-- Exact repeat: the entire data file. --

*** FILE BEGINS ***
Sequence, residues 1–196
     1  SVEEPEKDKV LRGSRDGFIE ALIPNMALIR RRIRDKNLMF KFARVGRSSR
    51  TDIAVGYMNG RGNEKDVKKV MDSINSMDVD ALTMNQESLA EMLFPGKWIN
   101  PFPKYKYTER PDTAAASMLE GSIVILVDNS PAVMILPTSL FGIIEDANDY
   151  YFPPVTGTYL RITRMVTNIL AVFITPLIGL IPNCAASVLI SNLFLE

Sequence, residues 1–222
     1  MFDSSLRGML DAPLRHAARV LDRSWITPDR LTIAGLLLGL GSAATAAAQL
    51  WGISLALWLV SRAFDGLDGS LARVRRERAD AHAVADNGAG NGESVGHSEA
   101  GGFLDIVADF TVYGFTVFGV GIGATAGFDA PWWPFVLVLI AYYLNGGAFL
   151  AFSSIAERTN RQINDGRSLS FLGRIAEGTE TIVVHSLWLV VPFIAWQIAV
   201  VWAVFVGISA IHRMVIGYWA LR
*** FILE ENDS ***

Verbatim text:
Sequence, residues 1–196
     1  SVEEPEKDKV LRGSRDGFIE ALIPNMALIR RRIRDKNLMF KFARVGRSSR
    51  TDIAVGYMNG RGNEKDVKKV MDSINSMDVD ALTMNQESLA EMLFPGKWIN
   101  PFPKYKYTER PDTAAASMLE GSIVILVDNS PAVMILPTSL FGIIEDANDY
   151  YFPPVTGTYL RITRMVTNIL AVFITPLIGL IPNCAASVLI SNLFLE

Sequence, residues 1–222
     1  MFDSSLRGML DAPLRHAARV LDRSWITPDR LTIAGLLLGL GSAATAAAQL
    51  WGISLALWLV SRAFDGLDGS LARVRRERAD AHAVADNGAG NGESVGHSEA
   101  GGFLDIVADF TVYGFTVFGV GIGATAGFDA PWWPFVLVLI AYYLNGGAFL
   151  AFSSIAERTN RQINDGRSLS FLGRIAEGTE TIVVHSLWLV VPFIAWQIAV
   201  VWAVFVGISA IHRMVIGYWA LR